When to Use Saturated Colors

Color_WhenToUseSaturatedColorsMaybe it goes without saying, but every color has a place and purpose. There are times when you want bright, flashy colors and there are times when you should avoid them at all costs. As you begin working and designing with color, one of the first things you’ll want to consider is saturation.

Saturated colors are considered “pure” colors; in other words, they haven’t been subdued or tainted in anyway—no blacks or grays or whites added to the colors to make them seem duller or lighter or more like a pastel. Consider saturated colors the pure forms of the primary and secondary colors: red, yellow, blue, orange, green, and purple.

Oftentimes you’ll want to use destaturated colors in order to keep a more professional or serious feel, but there are many legitimate times for using bright, saturated colors. Here are a few:

When you need to attract attention
Saturated colors have a very iconic value to them, meaning that they are memorable and good for symbols and logos. You’ll notice that most commercial chain companies whose business it is to attract attention (like retail and food joints) use saturated colors for their logos. No browns, grays, or salmons. (Yuck!) If you need to create a logo for a company that needs to pull in customers off the freeway, use a saturated color scheme!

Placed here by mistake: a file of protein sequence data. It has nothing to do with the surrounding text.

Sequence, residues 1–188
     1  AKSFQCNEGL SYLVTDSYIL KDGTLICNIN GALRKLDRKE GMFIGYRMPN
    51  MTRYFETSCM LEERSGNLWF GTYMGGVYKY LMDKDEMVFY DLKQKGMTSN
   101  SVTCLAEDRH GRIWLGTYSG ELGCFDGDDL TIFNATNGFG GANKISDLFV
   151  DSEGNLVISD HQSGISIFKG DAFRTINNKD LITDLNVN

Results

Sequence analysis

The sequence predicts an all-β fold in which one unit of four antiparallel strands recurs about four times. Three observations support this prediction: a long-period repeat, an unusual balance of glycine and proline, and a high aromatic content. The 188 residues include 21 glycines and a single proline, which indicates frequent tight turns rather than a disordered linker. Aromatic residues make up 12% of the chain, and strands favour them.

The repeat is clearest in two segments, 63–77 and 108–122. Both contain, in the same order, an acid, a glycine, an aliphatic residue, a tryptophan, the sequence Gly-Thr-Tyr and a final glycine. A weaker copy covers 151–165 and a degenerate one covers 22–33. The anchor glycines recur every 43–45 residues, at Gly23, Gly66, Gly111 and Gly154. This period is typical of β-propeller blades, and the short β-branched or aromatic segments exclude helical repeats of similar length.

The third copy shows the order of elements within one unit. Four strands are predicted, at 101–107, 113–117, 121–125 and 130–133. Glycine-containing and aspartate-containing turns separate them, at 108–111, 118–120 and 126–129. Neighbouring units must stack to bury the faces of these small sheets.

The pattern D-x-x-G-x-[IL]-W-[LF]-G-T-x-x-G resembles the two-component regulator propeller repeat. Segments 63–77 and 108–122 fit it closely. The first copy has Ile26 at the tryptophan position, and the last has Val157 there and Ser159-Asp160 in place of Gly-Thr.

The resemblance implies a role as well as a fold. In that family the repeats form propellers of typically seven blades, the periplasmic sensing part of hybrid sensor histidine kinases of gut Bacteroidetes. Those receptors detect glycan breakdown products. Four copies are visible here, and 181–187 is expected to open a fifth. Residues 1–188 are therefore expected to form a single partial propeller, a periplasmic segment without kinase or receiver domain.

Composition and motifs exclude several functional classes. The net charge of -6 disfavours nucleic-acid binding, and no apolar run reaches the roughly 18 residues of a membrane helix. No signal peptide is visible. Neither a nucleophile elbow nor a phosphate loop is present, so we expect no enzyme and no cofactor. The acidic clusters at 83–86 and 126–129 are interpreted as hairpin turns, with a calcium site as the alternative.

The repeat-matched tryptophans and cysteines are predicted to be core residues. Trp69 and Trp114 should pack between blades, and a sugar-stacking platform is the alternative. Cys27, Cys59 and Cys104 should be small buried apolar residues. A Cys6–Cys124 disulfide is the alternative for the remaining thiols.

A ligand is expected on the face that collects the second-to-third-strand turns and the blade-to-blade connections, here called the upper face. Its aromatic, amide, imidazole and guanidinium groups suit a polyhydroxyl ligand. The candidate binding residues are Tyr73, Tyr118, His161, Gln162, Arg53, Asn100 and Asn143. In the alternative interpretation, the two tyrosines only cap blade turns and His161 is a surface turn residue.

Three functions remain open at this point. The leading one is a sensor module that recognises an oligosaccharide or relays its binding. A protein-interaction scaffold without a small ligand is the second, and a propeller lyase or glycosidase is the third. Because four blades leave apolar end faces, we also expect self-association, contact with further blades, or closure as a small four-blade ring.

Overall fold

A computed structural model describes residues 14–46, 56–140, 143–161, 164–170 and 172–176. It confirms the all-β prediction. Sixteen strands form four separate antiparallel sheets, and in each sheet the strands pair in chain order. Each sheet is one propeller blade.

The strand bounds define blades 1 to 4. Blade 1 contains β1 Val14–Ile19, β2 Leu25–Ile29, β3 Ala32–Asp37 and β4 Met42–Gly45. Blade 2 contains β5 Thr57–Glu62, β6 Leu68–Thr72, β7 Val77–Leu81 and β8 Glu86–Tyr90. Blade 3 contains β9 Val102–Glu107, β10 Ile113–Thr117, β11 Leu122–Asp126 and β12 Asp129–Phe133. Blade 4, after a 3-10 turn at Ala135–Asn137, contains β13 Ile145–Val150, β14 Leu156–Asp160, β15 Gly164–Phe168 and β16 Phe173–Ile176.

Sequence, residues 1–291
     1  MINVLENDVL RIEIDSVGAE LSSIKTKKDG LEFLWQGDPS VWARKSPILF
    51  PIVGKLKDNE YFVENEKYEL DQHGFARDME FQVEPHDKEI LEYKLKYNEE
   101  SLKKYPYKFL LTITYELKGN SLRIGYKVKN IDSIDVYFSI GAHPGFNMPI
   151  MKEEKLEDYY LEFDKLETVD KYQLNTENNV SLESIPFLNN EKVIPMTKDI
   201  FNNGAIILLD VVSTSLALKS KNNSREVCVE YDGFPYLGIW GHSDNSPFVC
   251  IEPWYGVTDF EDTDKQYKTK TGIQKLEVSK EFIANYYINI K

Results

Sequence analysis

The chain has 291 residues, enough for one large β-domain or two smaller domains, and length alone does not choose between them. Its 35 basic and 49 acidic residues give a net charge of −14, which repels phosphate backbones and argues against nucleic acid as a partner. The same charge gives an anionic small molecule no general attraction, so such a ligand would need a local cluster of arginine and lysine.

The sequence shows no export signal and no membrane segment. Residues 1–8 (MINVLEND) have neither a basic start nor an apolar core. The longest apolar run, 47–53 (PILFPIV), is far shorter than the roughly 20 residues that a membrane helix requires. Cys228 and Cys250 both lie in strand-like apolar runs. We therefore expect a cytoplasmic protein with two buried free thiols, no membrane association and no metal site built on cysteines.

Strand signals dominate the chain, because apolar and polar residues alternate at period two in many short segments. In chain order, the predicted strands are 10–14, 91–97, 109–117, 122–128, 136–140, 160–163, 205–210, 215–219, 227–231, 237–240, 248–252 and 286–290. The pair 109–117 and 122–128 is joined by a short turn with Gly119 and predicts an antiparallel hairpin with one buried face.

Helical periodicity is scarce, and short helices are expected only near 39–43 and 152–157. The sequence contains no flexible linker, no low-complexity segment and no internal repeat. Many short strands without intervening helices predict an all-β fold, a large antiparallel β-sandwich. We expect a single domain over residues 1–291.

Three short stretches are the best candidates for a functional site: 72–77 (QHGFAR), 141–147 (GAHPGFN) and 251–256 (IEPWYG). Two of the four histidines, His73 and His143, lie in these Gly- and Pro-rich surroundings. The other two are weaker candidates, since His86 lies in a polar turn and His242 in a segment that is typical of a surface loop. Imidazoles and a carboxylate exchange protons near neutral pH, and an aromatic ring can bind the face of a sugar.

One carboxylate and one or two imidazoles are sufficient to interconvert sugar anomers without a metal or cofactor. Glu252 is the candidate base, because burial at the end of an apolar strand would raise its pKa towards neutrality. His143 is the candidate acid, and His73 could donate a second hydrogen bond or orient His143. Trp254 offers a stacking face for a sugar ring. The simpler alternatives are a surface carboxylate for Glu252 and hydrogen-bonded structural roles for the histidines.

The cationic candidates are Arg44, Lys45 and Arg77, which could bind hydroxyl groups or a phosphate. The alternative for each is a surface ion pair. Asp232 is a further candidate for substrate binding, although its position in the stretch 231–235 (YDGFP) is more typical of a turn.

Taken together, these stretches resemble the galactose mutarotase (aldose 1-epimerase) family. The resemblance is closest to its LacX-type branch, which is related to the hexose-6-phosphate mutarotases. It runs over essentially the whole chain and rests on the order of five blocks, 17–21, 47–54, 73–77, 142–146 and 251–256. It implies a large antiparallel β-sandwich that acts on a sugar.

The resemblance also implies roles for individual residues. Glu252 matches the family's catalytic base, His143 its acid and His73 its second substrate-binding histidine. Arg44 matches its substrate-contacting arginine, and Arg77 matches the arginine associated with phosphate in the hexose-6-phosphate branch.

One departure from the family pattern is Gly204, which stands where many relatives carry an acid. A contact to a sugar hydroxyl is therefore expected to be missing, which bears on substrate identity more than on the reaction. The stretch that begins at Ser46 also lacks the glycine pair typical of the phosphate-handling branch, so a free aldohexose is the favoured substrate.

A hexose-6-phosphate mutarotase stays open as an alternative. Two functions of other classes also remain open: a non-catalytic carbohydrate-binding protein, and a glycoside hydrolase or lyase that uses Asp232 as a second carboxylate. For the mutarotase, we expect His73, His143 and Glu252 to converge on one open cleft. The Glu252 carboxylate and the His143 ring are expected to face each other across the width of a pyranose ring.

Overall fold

When you want to create an exciting atmosphere
Depending on what you’re designing, you may want to create a mood of excitement. Consider birthday parties or other celebrations. Consider product launches. Saturated colors have been known to be perceived as dynamic, exiting, and happy (and even optimistic!)

When you want to simplify emotional response
This may seem strange, but if you use a wide array of colors that use dull and desaturated hues, you actually have the ability to affect more emotional responses. Anger, anxiety, calmness, fear, sadness, contentment, and many other emotions are really hard to portray with saturated colors. When you want to keep your emotional response to energy, excitement, and happiness, use saturated colors.

Too many saturated colors next to each other can cause eye fatigue, so they are really best for brief spurts of visual communication (again, like in a logo or birthday party plate). Avoid creating an entire book using saturated colors. Also, saturated colors often clash when placed with or on top of each other. Blue text on a red background (or vice versa), for example, is one of the biggest no-nos in design!

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